I’ve had my palm read twice. The first time was an elderly black woman Willie Jean, a self proclaimed psychic. She lived in a huge store front where she gave readings and lived in a built in loft in the back. Her house was full of stuff. Mostly yellowing newspapers and garbage. One summer she was hospitalized for a time and a group from the neighborhood went through her house and cleaned it up so that when she got back she wouldn’t get some kind of infection. I still have paint splatter on a pair of my jeans that are from helping paint the kitchen walls yellow and Willie Jean’s.
I was visiting my Mom in Chicago, before I moved out here, and we went over to visit with her and bring her food. I was sitting next to her on the couch and she kept eyeing me with interest. Without warning she snatched up my hand and pressed her fingers into my palm. I was a tad startled and my mother just explained that Willie Jean read people by the …vibratations?… feeling their palms. I just wondered if I was supposed to pay for a reading I didn’t really want.
What did she tell me? “You have a sweet soul, but you have a lot of learning about life to do.” I was 21 at the time, and none of this came as a surprise.
The second time I had my palm read, it was also against my wishes. I must send out some kind of energy that entrances people who like to read palms, I really don’t know. I was working with this . . . quirky guy Danny (honestly, quirky is the nicest way to talk about him. I have other Danny stories that are far more ridiculous than this) a scrawny white guy who wore shirts that were two sizes too big and was trying to make it in the acting business. He asked to read my palm. I told him, No thank you. Several weeks later he grabbed my hand and told me that my “creative line” was really strong and curved sharply. That I should watch out because I had an overactive imagination. Again, not much of a surprise to me.
Danny also once tried to rearrange my aura. He literally was pulling at the air around my head until I told him to stop. I said I wanted my aura the way it was. That I was contemplating something and that just because he wanted my aura to be brighter and happier didn’t mean I did and he should leave it alone. (Ask me some other time about the birthday sex conversation I had with him.) Oh Danny.
I guess Richard Mayhew never had these experiences with quirky people when he was younger because when an old woman reads his palm one day and tells him that his life will begin with Door, he is slightly freaked out and fails to listen to her.
When Richard Mayhew stops one day to help a girl he finds bleeding on a London pavement, his life is forever altered, for he finds himself propelled into an alternative reality that exists in a subterranean labyrinth of sewer canals and abandoned subway stations. He has fallen through the cracks of reality and has landed somewhere different, somewhere that is Neverwhere. Blurb from GoodReads
I checked out Neverwhere by Neil Gaiman via my library’s helpful audiobook selection and got the unabridged, author’s preferred text edition, that is read by the author himself. Why preferred text? What does this mean? Well, I found an explanation about previous publisher going under and Gaiman having to get a second publisher for his story. I’m really glad I got the audio book, it is a story that renders itself well to being heard and experienced as a listener to an accomplished storyteller. Gaiman has an excellent speaking voice, is a good voice actor, and hearing the story from the author was one of the best parts of this audiobook. I’m slowly becoming one of Neil Gaiman’s most devoted fans. I say slowly because my TBR pile is huge and it is taking me a while to get to some of his books that I’ve been meaning to read for years. I read The Graveyard Book as an introduction to his work and was eager to get my hands onto more of his stories. (I’m also a huge fan of his wife! They are an awesome couple!) The minute I started listening to Neverwhere I was entranced.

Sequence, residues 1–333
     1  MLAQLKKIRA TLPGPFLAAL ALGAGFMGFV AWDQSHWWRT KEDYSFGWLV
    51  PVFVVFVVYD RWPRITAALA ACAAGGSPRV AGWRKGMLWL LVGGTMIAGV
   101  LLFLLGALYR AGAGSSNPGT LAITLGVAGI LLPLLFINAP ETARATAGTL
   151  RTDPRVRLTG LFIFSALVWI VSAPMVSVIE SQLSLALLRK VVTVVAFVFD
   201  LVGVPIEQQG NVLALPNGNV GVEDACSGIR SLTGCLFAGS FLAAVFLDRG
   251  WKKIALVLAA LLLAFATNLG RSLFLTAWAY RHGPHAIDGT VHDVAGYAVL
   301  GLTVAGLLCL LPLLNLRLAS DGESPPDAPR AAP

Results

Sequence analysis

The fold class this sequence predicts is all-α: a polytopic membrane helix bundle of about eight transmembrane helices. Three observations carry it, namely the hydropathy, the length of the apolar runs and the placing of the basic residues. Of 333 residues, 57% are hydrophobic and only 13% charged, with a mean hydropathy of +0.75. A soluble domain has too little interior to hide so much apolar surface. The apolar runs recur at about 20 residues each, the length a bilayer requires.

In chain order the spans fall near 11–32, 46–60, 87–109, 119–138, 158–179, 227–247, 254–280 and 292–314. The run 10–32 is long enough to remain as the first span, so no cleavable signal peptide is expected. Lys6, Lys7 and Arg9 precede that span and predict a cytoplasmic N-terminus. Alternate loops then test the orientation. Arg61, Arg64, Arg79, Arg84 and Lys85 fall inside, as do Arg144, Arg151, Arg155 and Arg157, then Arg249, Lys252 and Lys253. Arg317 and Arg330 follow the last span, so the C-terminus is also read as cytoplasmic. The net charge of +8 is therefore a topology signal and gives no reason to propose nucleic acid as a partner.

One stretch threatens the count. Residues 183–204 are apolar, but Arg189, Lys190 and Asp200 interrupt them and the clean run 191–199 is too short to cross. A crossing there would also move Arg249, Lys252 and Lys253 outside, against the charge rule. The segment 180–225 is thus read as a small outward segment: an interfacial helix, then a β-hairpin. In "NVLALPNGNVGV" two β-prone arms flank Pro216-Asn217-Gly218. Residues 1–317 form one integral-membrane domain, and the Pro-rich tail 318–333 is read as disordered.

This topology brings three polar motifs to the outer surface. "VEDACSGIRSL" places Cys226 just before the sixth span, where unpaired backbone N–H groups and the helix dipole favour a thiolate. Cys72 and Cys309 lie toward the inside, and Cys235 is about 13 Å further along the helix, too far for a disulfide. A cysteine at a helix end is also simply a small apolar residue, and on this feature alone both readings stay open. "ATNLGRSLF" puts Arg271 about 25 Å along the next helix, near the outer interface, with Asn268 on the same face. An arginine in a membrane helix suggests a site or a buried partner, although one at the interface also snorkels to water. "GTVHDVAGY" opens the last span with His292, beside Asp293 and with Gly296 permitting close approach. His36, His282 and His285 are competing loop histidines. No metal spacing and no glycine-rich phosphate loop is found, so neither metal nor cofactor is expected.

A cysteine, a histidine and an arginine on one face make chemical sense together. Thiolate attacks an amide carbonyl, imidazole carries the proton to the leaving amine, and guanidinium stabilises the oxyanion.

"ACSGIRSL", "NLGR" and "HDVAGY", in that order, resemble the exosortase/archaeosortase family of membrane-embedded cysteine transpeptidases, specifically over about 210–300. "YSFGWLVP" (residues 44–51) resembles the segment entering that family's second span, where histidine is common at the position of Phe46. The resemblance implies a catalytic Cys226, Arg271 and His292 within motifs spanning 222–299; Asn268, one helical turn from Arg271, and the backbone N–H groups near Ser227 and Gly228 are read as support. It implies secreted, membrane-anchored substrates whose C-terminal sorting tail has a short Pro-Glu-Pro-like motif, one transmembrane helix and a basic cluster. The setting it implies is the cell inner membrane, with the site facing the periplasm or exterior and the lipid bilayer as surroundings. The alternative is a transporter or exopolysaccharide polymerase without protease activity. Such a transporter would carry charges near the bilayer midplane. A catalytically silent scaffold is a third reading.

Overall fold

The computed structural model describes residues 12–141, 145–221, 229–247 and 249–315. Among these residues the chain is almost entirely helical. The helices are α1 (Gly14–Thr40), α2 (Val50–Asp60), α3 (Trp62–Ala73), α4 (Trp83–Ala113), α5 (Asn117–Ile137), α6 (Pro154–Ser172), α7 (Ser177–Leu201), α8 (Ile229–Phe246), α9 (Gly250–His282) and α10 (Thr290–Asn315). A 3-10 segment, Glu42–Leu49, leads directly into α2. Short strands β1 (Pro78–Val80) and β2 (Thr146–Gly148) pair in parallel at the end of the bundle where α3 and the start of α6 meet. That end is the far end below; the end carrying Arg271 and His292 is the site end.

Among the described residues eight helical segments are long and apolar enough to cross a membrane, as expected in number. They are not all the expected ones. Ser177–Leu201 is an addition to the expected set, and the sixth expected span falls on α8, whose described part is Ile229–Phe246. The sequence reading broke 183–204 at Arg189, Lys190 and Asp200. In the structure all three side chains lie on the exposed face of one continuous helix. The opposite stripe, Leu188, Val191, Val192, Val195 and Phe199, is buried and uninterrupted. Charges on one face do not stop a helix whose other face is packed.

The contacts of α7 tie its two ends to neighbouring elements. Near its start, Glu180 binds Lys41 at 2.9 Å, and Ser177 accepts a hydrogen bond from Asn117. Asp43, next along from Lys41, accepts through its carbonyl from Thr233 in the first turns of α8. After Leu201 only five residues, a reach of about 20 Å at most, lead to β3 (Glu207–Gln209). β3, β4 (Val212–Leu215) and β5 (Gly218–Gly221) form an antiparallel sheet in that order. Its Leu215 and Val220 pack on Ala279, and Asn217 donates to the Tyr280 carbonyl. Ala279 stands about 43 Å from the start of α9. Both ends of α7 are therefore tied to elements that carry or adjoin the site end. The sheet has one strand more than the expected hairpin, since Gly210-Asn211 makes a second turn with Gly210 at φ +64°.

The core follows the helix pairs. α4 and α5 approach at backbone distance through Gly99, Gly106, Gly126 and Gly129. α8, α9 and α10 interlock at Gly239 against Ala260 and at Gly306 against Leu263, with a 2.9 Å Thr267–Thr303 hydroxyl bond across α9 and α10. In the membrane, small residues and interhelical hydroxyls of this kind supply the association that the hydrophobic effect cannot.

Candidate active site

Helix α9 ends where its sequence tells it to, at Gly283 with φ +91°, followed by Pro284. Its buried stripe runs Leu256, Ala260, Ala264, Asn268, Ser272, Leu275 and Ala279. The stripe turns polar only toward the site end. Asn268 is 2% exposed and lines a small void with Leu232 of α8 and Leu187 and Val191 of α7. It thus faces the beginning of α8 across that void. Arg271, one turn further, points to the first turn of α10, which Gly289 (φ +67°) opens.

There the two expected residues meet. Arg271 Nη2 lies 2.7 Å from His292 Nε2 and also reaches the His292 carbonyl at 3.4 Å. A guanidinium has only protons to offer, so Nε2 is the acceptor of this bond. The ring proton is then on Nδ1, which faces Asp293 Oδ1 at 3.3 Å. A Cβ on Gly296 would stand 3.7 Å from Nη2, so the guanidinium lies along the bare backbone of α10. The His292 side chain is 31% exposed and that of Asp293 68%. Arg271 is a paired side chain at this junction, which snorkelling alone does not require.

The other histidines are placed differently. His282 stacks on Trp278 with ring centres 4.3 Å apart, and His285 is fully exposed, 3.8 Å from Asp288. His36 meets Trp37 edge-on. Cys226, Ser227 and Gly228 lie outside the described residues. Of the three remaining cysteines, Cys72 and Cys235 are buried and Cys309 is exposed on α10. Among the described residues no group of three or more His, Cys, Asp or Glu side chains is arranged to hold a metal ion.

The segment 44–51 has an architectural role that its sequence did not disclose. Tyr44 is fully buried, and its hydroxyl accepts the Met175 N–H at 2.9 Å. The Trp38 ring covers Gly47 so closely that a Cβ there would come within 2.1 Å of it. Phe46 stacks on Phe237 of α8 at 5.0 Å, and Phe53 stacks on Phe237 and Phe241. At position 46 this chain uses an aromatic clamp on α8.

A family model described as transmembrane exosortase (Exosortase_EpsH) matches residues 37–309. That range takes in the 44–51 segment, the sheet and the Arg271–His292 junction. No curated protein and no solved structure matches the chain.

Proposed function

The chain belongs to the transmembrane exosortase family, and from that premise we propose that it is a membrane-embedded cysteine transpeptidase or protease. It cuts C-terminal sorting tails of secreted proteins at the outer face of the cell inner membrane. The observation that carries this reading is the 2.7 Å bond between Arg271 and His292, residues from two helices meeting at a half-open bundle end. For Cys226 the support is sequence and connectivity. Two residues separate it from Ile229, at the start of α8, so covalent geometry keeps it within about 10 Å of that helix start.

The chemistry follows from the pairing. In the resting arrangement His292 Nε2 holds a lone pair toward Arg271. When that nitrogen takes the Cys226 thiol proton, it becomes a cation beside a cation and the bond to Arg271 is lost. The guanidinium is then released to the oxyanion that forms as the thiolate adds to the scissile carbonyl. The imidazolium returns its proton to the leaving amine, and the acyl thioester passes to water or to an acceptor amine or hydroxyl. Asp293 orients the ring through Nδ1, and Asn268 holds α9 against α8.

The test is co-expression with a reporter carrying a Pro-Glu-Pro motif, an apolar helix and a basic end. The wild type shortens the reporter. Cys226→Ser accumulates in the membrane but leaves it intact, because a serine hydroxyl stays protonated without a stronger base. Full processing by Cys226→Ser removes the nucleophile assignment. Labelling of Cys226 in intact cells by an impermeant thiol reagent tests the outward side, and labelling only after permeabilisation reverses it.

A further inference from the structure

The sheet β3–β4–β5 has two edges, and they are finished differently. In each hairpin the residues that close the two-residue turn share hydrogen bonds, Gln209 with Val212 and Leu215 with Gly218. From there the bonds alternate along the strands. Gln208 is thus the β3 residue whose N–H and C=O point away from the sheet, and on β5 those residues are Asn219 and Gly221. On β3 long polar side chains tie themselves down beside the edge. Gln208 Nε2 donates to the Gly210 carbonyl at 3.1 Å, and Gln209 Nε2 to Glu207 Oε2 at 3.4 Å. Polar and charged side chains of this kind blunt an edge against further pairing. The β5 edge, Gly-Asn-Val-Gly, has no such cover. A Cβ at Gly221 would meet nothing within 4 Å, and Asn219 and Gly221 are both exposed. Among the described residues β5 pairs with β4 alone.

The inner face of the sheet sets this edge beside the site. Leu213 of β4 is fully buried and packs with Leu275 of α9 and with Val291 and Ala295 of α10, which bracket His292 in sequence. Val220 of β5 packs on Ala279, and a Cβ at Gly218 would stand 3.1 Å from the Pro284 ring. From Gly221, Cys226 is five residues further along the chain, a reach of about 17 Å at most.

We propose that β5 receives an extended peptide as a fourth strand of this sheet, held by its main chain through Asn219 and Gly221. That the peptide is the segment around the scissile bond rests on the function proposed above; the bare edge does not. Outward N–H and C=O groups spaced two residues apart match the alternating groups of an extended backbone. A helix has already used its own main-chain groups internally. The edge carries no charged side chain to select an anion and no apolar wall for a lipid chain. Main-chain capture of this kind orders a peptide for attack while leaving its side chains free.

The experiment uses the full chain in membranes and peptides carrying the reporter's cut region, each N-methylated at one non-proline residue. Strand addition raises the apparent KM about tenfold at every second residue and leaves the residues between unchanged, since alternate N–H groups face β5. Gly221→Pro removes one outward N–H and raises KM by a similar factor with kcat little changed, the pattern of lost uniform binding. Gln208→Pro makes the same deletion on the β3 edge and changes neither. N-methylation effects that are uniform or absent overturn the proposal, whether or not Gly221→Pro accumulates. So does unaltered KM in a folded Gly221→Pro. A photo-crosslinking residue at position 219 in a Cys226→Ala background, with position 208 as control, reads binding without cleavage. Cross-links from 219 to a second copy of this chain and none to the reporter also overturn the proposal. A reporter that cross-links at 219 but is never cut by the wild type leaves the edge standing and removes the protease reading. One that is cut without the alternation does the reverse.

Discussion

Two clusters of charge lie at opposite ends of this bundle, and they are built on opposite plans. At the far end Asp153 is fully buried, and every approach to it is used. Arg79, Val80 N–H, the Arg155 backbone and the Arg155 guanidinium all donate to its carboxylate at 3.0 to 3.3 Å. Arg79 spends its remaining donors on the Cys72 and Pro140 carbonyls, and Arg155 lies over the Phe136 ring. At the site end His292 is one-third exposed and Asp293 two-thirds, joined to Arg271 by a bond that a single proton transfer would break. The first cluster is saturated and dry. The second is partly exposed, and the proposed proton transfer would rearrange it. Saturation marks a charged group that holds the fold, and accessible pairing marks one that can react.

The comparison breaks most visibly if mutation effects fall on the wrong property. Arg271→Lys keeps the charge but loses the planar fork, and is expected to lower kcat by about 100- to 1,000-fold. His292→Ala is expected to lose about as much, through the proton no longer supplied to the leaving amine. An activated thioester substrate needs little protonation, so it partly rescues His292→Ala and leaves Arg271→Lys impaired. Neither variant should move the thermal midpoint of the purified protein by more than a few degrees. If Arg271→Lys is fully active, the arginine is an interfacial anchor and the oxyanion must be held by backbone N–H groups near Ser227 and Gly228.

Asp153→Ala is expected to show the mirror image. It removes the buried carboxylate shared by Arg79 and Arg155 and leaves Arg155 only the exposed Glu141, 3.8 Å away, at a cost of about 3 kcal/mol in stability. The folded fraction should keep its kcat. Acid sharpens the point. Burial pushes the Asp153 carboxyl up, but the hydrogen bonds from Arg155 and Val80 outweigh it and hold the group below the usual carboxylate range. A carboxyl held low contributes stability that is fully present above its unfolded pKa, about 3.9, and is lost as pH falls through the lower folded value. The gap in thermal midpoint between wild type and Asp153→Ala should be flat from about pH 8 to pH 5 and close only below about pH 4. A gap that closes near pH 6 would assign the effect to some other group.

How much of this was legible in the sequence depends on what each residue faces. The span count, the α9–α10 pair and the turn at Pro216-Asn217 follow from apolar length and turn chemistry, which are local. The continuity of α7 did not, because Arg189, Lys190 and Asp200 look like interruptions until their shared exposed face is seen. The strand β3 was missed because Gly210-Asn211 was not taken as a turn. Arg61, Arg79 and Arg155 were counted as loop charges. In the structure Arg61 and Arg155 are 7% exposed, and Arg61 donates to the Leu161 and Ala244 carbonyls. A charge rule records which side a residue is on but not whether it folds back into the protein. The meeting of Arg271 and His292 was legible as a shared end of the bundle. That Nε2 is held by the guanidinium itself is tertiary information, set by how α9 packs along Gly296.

Richard Mayhew is kind of an Everyman. He life takes a sharp turn toward the weird and he falls down the rabbit hole. At the bottom of that hole is a deep well of water and it takes him a while, but eventually Richard learns to swim among the treacherous waters. I like Richard’s transformation across the story, it is subtle, but by the end Richard has been changed by his adventures. All he wants is to get back to his normal life, but in the end he discovers he isn’t so normal himself. The girl he meets is in all kinds of trouble and drags Richard along with her. Door is strong, smart, and cunning. She also uses people to get what she wants. But in a straightforward kind of way, that I must applaud her forthright attitude and actions. She gets stuff done, she makes the moves on the chessboard she needs to, and she fights for what she wants. The side characters in this book are just as delightful, and every single person serves a purpose to move the story in a unique direction. Gaiman’s prose and storytelling are masterful.
I also like how Gaiman writes stories that discuss greater human themes in subtle and engaging ways. Neverwhere is about the people who fall through the cracks of society and gives them their own world and universe. Humanizing the homeless man sitting on the street corner and showing us how we fail to see all of humanity as we pass by it. He does this without preaching, he does it with out pointing it out, he just makes his comments about society fall at the right moment from the right person onto the page of his story.